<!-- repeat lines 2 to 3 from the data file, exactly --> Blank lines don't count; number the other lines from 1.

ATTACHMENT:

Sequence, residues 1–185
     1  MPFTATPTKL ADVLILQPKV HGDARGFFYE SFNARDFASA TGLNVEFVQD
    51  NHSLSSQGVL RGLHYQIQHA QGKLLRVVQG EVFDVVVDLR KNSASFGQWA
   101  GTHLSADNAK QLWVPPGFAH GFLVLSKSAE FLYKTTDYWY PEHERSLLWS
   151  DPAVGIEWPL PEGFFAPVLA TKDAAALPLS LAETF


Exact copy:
     1  MPFTATPTKL ADVLILQPKV HGDARGFFYE SFNARDFASA TGLNVEFVQD
    51  NHSLSSQGVL RGLHYQIQHA QGKLLRVVQG EVFDVVVDLR KNSASFGQWA